MotorStorm: Pacific Rift
I was Creative Lead and then Senior Artist on MS:PR, supporting the Art Director with briefs, overseeing concepts and GUI designs, generating still and video moodboards for objects and environments, lighting, effects, pre-vis, R&D, tech, evaluation of tools and processes and more. In addition to this, I reprised my role from the original MotorStorm of dealing with most of the FMV, trailers and promotional movies, such as the Festival/GUI Cinematics and those shown below.
Acency: ArxVFX & RealtimeUK
Roles: Concept, creative direction, agency liaison/feedback, edit, grade
My aim for this movie was to make people wonder what they were seeing and then slap them with “%(@$#… it’s MotorStorm!”. The original was set in a barren, brown desert so for this I developed a brief for two CG houses, Ark VFX who’d delivered a knock-out blow with the MotorStorm Festival/GUI movies) and RealtimeUK, who’d done a similarly excellent job with MotorStorm’s E3 2005 trailer.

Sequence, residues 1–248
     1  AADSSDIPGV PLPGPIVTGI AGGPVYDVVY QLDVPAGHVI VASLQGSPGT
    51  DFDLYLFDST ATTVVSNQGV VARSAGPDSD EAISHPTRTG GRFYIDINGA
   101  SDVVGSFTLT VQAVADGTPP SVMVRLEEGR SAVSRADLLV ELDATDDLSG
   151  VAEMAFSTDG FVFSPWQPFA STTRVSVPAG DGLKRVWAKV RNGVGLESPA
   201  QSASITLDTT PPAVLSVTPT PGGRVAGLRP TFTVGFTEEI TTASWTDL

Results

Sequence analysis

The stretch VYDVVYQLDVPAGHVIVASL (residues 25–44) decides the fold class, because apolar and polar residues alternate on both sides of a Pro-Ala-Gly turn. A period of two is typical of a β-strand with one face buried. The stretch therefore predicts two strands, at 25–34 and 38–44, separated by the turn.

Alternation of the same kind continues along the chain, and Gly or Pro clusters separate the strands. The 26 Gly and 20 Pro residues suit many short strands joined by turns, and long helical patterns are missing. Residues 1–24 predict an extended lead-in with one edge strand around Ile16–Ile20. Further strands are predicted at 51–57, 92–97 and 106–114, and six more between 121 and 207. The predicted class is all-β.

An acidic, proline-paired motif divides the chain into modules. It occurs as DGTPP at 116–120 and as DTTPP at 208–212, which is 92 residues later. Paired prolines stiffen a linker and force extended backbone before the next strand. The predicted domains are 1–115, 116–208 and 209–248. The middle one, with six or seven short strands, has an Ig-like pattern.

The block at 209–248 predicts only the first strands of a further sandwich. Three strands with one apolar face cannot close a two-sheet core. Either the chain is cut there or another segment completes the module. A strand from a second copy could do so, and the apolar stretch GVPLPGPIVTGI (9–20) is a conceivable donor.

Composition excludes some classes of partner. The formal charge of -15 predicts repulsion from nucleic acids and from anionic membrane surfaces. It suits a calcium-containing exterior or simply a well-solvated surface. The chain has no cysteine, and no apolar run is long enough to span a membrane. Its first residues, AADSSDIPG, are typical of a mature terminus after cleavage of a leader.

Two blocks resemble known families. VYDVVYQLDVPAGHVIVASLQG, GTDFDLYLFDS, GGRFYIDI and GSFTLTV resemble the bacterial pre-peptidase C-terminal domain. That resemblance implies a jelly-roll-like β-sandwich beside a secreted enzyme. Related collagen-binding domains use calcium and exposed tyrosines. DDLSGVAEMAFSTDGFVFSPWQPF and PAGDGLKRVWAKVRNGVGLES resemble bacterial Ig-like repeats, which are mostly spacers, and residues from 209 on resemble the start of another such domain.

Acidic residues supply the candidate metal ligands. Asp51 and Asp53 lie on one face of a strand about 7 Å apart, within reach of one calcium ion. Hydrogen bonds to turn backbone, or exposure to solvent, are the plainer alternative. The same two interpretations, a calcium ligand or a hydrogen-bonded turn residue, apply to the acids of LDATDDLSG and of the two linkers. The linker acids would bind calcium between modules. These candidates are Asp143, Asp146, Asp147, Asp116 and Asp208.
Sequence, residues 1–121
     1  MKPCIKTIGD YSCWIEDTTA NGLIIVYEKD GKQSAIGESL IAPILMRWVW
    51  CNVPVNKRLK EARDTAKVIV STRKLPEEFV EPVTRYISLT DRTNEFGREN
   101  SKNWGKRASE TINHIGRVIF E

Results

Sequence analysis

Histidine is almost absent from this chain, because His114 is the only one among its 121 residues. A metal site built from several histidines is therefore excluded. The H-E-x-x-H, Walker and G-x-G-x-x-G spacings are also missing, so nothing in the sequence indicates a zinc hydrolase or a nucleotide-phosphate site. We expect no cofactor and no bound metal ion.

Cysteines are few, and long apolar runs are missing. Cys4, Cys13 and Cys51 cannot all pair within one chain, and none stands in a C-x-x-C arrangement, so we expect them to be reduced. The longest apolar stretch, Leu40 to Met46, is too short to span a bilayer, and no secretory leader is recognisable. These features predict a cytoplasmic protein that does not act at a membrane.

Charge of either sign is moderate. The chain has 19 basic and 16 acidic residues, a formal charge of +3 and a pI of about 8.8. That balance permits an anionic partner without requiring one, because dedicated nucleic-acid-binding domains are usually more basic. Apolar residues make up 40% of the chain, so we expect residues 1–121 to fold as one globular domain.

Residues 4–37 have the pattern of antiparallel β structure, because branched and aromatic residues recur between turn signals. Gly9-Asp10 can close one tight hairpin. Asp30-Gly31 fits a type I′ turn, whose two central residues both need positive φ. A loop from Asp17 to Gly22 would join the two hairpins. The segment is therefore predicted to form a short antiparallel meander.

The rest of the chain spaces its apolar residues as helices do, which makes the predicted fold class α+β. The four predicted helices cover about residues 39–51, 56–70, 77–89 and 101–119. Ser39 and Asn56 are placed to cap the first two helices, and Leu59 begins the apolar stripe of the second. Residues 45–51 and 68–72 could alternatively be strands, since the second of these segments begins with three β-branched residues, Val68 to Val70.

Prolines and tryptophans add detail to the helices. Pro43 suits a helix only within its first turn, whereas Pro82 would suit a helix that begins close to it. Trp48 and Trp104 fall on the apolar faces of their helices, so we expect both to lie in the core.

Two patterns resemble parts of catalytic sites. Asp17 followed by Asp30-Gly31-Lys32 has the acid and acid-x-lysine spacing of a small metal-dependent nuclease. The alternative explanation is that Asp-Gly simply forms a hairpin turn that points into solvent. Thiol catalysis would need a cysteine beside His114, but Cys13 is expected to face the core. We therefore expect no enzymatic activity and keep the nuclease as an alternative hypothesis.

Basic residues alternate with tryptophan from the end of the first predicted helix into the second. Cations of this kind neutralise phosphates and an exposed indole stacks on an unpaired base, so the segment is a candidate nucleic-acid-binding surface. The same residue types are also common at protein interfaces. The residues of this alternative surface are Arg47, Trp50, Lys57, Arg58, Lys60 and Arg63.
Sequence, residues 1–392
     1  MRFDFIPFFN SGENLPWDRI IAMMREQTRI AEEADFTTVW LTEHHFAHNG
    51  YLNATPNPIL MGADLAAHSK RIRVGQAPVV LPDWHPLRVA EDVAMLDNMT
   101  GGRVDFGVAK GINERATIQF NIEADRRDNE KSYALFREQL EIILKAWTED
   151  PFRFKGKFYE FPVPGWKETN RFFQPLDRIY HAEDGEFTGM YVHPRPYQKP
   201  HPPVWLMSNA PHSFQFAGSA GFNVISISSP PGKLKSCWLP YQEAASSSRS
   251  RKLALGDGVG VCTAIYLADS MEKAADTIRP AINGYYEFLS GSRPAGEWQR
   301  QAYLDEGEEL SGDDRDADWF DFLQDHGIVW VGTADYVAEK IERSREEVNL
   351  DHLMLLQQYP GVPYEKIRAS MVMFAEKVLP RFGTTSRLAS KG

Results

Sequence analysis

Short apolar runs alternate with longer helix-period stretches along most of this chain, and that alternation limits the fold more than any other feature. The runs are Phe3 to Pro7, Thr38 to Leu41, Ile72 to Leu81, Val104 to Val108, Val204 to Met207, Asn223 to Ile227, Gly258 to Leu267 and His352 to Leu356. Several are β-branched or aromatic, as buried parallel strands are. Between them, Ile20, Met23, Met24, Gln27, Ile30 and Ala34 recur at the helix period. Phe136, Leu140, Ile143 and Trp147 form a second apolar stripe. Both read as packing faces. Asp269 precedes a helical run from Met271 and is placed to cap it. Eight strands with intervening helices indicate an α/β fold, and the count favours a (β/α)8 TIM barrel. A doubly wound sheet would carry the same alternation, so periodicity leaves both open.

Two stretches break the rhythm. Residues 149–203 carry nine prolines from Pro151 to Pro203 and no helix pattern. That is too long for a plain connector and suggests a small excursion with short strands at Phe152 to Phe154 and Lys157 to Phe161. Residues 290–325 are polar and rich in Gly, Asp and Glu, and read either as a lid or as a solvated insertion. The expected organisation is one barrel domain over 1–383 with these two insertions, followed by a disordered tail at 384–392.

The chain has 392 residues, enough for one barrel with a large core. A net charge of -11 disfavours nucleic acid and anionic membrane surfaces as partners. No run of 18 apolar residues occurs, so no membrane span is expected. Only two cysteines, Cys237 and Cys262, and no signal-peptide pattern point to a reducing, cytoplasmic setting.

The second portion, RTUK’s ‘X-Movie’ style action sequence, was harshly edited into Ark’s far more serene and beautiful island approach, which began with what was missing from the original game – life. After briefly passing The Carrier (seen in the Festival cinematics and PlayStation Home), the camera flies up above the clouds and then plunges the viewer into a brutal jungle race that showcased numerous new features we brought to the franchise in MSPR.
MotorStorm: Pacific Rift – Intro
Agency (CG footage): Escape Studios
Roles: Game edit, aerial edit, colour grade, titles, effects, polish/fixes, implementation
Sony were keen to retain the epic aerial HD theme of the original MotorStorm which we filmed in Monument Valley, but updated for the even more breathtaking Pacific location. Sadly, I was busy washing my hair when a small team were sent out to Hawaii to shoot hours of source material for the intro movie which doubled as a huge reference library.
I looked after the latter stages of the project – as with MotorStorm I handled the overall edit, grading, titles and implementation, but this time I had little involvement with the CG side of the project, which had been outsourced to Escape Studios.